TIMMER: “That was our one win against the Grizzlies. And a lot of people didn't expect that out of us. We started out the 1984 season 2-2. We lost to Eastern Washington and Idaho State. And as the season progressed, you could see that confidence grow and that confidence build to the point that by the end of the season our last game was against Fresno state, a much bigger school, and we beat them right before the playoffs. And by then we almost felt like that we were unbeatable, very confident and I think this (2019) team is starting to show that.”
MTN SPORTS: This year’s Cats had back-to-back losses in the middle of the conference season and then went on a run. Having a similar start in 1984, was it kind of like a switch flipped?
TIMMER: “In all reality, I don't think it's one play. I don't think it's one game. It's a process that builds. And we came back and ended up winning against Weber like 44 to nothing. And it was kind of that point that something switched or flipped I'd say but it built each week. We were a team that always came from behind. And if you look at the (2019) Bobcats early in the season when they were winning, they were coming from behind. But now they seem so confident that a lot of their games you can tell they're in command early on and they just have that. I think you can kind of fake confidence. But I don't think they're faking. I think it's something that's just building each week. And I think that's one reason why they're so dangerous.”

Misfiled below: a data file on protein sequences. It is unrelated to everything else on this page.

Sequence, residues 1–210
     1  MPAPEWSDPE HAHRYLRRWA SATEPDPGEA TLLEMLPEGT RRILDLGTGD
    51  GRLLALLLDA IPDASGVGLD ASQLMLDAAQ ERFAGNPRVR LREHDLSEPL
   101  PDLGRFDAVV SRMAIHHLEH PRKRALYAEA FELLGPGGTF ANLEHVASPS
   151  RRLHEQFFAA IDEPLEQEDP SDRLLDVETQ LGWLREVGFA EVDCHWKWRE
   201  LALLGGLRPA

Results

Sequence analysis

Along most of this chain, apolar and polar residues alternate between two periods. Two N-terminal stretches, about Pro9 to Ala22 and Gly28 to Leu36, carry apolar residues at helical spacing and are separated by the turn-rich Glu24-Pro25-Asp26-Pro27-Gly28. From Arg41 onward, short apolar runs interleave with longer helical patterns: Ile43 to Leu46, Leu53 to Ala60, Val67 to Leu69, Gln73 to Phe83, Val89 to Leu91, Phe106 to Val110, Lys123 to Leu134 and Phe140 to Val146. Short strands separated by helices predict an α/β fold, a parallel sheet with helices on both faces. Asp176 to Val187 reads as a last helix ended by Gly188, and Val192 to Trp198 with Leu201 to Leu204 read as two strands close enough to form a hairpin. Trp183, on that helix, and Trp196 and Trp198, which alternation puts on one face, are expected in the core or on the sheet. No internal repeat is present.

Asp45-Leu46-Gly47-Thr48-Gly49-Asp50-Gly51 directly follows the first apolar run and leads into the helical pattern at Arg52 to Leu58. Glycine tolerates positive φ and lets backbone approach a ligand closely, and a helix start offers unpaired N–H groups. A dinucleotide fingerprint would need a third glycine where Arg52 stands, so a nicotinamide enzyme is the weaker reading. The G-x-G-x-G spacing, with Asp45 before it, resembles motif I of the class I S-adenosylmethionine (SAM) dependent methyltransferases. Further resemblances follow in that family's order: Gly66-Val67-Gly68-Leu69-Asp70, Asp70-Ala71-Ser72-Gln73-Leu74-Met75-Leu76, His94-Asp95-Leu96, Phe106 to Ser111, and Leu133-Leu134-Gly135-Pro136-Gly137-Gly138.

MTN SPORTS: Now, I know that the Cats won a title in 1976 too. So when you guys won it hadn’t been that long. Has it surprised you at all that it's taken this long to get back to that level where they’re among the top teams in the nation?
TIMMER: “To be honest with you, a bunch of us guys from 1984 were talking a couple of years ago, and it was kind of a unique conversation cause it was like we were all ready to pass the torch to somebody else. To not be here 35 years later talking to us you’d be able to talk to another team. And it's taken that long. And you always love to talk about the old days, but the reality is there should be another team by now that’s talking about their national championship. So yeah, it's been a long time coming. But I think this might be the team that can do it.”